And it didn’t stop with Aharon or with the Mishkan. Chur’s heroism left a legacy of holiness that nourishes us for eternity. And that produced merits that nourish Chur’s neshama for eternity.

It’s a nourishment exemplified in a story about a woman hoping to grow flowers. She buys seeds and plants them along a wall that separates her garden from her neighbor’s. She then waits for flowers.

But no flowers grow. Only vines. She cultivates and waters the vines. Still, no flowers grow. She fertilizes the vines. Still, no flowers.

She finally gives up and decides to uproot the vines. She gets a hoe, goes outside, and readies herself for the task.

And that’s when her invalid neighbor calls out from the wall’s other side: “I so enjoy your flowers.”

The woman walks behind the wall and enters her neighbor’s yard. She then sees her vines reaching into her neighbor’s yard, producing beautiful flowers. Her seeds didn't give her flowers. But they gave them to an invalid. To someone who needed them so much more.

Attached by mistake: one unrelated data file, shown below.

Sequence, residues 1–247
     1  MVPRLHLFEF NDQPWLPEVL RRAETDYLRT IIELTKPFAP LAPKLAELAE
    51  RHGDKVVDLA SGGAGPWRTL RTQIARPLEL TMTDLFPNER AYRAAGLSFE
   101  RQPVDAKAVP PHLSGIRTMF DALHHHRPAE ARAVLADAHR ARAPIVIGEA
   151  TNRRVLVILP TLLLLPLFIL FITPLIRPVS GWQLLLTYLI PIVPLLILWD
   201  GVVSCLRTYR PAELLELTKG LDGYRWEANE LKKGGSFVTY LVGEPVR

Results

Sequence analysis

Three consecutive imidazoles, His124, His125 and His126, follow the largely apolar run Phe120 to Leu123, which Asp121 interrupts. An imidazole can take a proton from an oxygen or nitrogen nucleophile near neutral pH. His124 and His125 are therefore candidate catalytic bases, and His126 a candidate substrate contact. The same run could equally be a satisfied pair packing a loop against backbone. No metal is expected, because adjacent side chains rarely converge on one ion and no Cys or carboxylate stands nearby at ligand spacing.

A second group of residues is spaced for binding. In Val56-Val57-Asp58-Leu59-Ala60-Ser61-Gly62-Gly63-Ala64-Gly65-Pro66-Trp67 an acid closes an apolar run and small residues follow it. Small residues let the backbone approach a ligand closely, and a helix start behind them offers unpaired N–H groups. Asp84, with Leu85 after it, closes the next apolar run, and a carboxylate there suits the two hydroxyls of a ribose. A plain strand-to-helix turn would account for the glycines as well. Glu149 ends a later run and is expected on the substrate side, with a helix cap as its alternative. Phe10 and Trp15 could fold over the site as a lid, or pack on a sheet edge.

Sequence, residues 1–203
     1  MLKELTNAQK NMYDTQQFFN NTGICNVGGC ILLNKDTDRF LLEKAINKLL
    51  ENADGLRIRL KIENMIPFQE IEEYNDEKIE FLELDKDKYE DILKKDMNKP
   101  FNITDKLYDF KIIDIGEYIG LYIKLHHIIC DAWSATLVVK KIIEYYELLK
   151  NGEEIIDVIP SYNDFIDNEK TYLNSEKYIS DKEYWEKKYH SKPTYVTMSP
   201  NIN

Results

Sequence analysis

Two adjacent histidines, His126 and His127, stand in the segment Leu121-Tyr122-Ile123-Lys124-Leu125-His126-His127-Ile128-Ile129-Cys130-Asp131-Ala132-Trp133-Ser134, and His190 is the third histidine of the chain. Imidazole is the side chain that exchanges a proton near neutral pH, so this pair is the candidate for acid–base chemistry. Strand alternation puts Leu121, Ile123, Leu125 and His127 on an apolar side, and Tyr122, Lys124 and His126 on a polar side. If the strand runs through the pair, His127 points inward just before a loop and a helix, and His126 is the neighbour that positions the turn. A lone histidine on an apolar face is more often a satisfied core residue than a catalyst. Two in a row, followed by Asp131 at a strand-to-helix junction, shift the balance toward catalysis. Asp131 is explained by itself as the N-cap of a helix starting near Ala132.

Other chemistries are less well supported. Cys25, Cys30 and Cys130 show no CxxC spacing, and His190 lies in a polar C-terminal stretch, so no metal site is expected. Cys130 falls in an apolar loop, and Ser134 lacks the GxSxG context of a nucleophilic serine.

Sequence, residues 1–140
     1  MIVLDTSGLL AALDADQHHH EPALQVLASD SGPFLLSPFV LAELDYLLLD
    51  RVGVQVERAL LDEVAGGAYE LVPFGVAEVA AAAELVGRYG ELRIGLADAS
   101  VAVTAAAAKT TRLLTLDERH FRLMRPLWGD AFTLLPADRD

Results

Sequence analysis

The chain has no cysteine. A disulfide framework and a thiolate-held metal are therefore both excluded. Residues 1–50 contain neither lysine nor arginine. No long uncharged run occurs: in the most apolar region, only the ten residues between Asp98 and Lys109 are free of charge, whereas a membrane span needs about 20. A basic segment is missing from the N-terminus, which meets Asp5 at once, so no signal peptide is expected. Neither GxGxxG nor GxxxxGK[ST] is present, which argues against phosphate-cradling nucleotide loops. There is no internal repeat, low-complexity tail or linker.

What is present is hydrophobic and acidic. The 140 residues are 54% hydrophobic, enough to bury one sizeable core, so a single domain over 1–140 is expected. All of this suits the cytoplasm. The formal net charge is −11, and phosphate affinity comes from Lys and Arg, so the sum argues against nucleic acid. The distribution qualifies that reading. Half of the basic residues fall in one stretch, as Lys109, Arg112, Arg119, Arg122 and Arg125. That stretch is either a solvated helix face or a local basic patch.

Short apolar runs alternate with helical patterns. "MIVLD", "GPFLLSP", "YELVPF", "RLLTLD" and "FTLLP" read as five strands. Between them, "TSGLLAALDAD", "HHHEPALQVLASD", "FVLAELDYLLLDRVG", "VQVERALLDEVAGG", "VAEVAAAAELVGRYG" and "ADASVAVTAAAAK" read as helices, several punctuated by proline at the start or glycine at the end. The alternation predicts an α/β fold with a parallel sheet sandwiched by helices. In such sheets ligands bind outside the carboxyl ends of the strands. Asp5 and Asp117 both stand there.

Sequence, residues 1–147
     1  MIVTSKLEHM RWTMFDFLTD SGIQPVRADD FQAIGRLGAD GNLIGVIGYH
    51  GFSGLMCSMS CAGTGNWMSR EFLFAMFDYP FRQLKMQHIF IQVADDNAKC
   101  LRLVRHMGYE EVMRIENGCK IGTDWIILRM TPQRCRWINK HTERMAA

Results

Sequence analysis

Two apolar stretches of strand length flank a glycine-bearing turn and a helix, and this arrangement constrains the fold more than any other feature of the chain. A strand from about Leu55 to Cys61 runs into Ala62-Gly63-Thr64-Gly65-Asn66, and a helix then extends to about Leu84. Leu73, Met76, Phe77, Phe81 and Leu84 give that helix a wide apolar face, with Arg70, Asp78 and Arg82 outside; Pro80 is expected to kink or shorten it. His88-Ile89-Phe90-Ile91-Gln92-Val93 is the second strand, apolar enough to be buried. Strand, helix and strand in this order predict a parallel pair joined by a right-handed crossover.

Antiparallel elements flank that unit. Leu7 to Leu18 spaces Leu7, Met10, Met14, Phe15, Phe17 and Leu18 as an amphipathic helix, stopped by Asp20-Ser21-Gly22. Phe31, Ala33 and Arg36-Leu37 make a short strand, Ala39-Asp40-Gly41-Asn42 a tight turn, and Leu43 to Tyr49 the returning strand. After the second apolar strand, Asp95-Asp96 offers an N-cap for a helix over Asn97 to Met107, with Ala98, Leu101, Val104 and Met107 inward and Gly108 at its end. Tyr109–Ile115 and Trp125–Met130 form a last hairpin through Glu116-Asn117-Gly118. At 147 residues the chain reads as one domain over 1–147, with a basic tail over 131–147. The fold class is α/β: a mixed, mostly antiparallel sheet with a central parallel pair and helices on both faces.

It’s Chur’s story. It’s the garden story. And it’s our story.

Sometimes we see the flowers that our efforts produce.

Sometimes, we don’t.

But seen or unseen, when we plant with love and devotion, we will produce flowers.

And those flowers, like the Mishkan, will blossom and enrich us and the world forever.

[1] Shemos 38:22

[2] Shemos 31:2

[3] Shemos 35:30

[4] Shemos 31:2

[5] Ibid.

[6] loc. cit.

[7] The Jewish Center, Rabbi Yossie Levinns Semons.

[8] Shemos 17:10-12

[9] Shemos 24:14

[10] JewishCenter.org, Rabbi Levine’s Sermons,Vaykahel-Pekudei,  Consumers and Contributors

[11] Shemos Rabba 48